Doing manual testing over different time periods is not optimal. Because there might be other factors that affect the results. For example; it could be that sales, in general, are higher for one of the two-week periods. Or it might be that your competitor is running a very aggressive promotion for one of the periods, meaning that your sales will be lower.
Even though manual price testing is not optimal, it is the best option we have at the moment and is still worth doing.
Test things that are actually significantly different
This is related to having a good hypothesis for your tests. Changing two words at the end of a long title probably won’t make any difference. Neither will use the same main image shown at a slightly different angle.
But cutting down your title from 175 to 75 characters might, or using a completely new main image with better resolution and format.
Again; remember that you should have some kind of argument about why you think the new version will perform better when making your hypotheses.
How to test listings that are not eligible in Amazon Experiments
If possible, you should always run your A/B tests in Amazon’s Experiments tool.
But what if your ASIN is not getting enough traffic and is not eligible – should you still test them?
The answer is, it depends.
For listings that don’t have traffic enough to run A/B tests, I usually put potential listing changes that I come up with in two different categories; Just change it and test it.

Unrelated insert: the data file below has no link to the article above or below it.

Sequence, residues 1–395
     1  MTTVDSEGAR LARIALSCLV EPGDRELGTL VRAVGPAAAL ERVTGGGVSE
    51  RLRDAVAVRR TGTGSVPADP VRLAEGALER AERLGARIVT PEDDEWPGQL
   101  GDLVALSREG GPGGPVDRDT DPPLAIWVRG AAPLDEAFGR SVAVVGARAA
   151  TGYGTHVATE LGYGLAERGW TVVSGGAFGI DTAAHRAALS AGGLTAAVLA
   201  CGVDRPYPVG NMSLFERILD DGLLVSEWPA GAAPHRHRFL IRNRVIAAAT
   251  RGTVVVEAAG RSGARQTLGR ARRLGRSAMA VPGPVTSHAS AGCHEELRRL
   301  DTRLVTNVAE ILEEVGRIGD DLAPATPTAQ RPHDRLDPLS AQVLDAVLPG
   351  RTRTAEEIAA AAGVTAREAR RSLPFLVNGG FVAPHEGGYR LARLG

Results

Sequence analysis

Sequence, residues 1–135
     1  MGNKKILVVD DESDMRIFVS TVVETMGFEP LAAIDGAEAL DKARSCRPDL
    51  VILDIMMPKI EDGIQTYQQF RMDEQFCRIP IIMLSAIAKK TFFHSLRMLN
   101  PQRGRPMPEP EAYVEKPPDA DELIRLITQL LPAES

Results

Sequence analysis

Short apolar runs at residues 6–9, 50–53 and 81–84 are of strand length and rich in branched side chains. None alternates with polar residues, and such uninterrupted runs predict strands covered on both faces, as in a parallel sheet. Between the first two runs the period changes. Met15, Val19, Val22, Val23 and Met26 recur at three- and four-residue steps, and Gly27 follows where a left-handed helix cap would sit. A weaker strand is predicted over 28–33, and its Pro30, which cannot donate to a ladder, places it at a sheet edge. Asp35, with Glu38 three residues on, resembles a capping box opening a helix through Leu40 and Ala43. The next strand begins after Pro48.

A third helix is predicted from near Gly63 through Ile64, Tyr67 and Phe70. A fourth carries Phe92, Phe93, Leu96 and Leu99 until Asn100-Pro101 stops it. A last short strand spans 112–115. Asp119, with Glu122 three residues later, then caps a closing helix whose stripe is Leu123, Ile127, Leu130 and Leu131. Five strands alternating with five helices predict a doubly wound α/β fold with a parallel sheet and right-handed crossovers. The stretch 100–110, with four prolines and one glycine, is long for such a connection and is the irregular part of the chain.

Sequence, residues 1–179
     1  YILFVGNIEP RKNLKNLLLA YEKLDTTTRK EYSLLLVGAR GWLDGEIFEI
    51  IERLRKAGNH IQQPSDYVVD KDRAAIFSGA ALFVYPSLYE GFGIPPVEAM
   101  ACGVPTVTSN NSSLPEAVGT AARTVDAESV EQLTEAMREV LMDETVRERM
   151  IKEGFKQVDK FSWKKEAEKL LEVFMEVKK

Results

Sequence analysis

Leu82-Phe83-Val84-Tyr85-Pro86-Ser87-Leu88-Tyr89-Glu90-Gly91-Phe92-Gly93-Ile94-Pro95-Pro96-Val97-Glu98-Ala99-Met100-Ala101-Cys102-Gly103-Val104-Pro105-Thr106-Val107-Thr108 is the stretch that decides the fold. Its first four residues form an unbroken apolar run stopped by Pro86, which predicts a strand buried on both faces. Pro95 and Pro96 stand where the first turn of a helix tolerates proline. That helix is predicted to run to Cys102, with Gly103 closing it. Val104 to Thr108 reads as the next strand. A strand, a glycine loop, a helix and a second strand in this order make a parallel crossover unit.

The “Just change it” category is for changes that are obvious improvements. Such as adding more images to the listing, or removing weird wording in the description.
The “Test it” category is for changes that I have a hypothesis for, but where I am not sure if the new version actually will perform better.
To test these hypotheses there are two main options that I use;
- A third-party tool with user testers. My favorites are Pickfu and Intellivy. With these tools, you can A/B test different listing attributes with real people in your target audience. As you pay to use these tools, make sure to only use them for tests that you think could have a big impact on your listing.
- Manual testing in Seller Central. Here, you would manually set your listing attribute to Variant A for 2 weeks, and then change it to variant B for the same period of time. After, you can compare and see if there is any difference in sales and conversion rate. Again, you have to be careful here as seasonality, competitors’ promotions, etc. might affect the results.
Summary and final thoughts
A/B testing on Amazon is definitely something that you should do if you want to be part of the top 1 % of sellers. My main advice would be to carry out your A/B tests in a strategic way.
Make your hypotheses. Create a priority list. Test one thing at a time. Manage your expectations.
And remember that optimizing your Amazon listing with A/B tests is a long-term game.
If you have any questions about A/B testing on Amazon, feel free to reach out to me at firstname.lastname@example.org.